“CREC yourself before you wreck yourself.” For the last 11 years, I have been trying to slip that joke into my work in the Legislature and now the League. And I had an epiphany yesterday that I might finally be able to do it…as long as I put my own name on it.

I also need to give it a proper explanation, as there’s probably a small sliver of people who know what CREC is AND get 90s Ice Cube lyrics. CREC stands for Consensus Revenue Estimating Conference. Held in January and May of every year, CREC is comprised of the directors of the House and Senate Fiscal Agencies and the state treasurer or budget director.

These fiscal experts analyze and report on economic indicators and state revenue projections. The consensus that is reached during the January conference becomes the revenue basis for the governor’s budget proposal, and the consensus reached during the May conference become the revenue basis for the budget bills passed by the Legislature.

The May Consensus Revenue Estimating Conference was earlier this week, and the news on state revenues is not great. But there is a silver lining, at least to me—it makes “wreck yourself” particularly relevant.

Since January, some Michigan legislators have been really hot on cutting the state income tax. This is a bad idea on its face, but especially in this current context. As League CEO Gilda Z. Jacobs said, “Given the fluctuations in state revenues, it was and continues to be foolhardy to consider tax cuts that would further jeopardize state services.”

if-only-i-had-checked-myselfSee! “CREC yourself before you wreck yourself” is not just a (bad) pun—it’s a valid point. The very intent of the Consensus Revenue Estimating Conference is for lawmakers to check themselves and incorporate these estimates into their state spending and budgets. And if they don’t take these forecasts seriously and make poor fiscal decisions, they stand to wreck our state budget, our state services and ultimately our state.

The Legislature needs to let talk of an income tax cut die. And when the House and Senate budget committees begin meeting soon, lawmakers should be sensible and strategic with our state dollars, investing in the programs and services that support our workers and families and get the most bang for our state bucks. For example, increasing state funding for child care and heating assistance can leverage hundreds of millions of dollars in federal funding.

The next few weeks are critical to the state budget and the priorities you and I value. To help you get involved, the League has put together a timeline and advocacy tips on the state budget. We also continue to produce budget briefs on some of the issues that are most important to us and to you: supporting education, including child care, K-12 schools and colleges and universities, protecting healthcare and the Healthy Michigan Plan, and reducing incarceration and providing adequate support for prisoners.

Whether you can work a rap reference in or not, I hope you will join the League in standing up for these budget priorities and urging lawmakers to make smart investments in our state’s future.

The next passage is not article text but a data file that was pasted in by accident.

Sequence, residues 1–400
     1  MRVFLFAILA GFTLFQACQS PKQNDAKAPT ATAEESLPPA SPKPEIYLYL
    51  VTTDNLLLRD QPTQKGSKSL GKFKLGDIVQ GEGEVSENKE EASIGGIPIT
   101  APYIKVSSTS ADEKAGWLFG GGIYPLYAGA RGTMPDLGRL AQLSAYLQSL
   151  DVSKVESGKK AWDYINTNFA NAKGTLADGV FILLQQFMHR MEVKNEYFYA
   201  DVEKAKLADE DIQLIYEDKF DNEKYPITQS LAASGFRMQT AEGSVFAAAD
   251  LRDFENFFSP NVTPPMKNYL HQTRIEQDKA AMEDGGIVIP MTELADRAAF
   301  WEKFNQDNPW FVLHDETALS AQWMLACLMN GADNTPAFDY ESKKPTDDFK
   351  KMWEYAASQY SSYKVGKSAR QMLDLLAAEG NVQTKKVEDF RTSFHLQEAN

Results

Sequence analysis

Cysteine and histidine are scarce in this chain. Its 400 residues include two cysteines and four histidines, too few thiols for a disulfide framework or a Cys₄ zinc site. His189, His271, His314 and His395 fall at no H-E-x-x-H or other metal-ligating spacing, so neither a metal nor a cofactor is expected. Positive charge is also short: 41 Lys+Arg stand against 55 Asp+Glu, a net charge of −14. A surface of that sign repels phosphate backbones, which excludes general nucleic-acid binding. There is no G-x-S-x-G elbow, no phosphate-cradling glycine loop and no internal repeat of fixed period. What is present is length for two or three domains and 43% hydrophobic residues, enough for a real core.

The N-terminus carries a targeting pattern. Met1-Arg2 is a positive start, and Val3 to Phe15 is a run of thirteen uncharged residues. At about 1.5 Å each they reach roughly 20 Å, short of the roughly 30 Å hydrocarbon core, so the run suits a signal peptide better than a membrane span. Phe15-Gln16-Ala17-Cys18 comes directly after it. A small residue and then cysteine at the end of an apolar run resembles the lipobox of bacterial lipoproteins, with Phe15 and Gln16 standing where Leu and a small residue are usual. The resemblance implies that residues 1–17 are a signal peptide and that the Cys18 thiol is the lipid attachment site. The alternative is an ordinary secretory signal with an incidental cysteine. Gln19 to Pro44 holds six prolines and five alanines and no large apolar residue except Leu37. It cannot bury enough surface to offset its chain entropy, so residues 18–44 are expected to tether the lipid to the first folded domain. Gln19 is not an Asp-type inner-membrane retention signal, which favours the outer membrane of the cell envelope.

Alex Rossman

Lawmakers pass healthcare bill that will hurt millions of Michigan residents

For Immediate Release
May 4, 2017

Alex Rossman

LANSING—The Michigan League for Public Policy issued the following statement on the U.S. House Republicans’ passage of legislation today to repeal the Affordable Care Act. The statement may be attributed to League President & CEO Gilda Z. Jacobs.

“Today, congressional Republicans passed a healthcare plan that shows they don’t really care about health, and to add insult to injury, they did so with jubilation, not reservation. Instead of helping people, lawmakers voted today to eliminate insurance coverage for 24 million Americans, including the 650,000 Michigan residents who are covered through the Healthy Michigan Plan. They voted to end fair and affordable coverage for millions of people with pre-existing conditions, cut $800 billion in Medicaid funding, and eliminate nationwide bans on annual and lifetime limits.

“It’s particularly disheartening that it took making this bill worse to actually get it passed, but this fight is far from over—it’s just moving to a new venue. The League and our partners in Michigan and around the country will keep doing everything we can to protect healthcare coverage for residents who are struggling physically, mentally or financially. We hope that the Senate will be deliberative and put the real needs of Americans above the political rancor that has unfortunately dominated this debate.”

The League has been a strong advocate for the Affordable Care Act and the related Healthy Michigan Plan, and have opposed the U.S. House’s attempts to repeal it and change how Medicaid is funded. The League is also part of the Protect MI Care coalition, an organization of consumer, healthcare and insurer groups. More information is available at

Recent League Efforts on Healthcare:

March 16, 2017, Press Statement on AHCA: Major flaws exposed in U.S. House Republicans’ healthcare plan

Budget Brief: Protect Healthcare for 650,000 Michiganians

Fact Sheet: Medicaid Block Grants and Per Capita Caps Are Bad for Michigan’s Health

Fact Sheet: 10 Reasons the Affordable Care Act is Good for Michigan


The Michigan League for Public Policy,, is a nonprofit policy institute focused on economic opportunity for all. It is the only state-level organization that addresses poverty in a comprehensive way.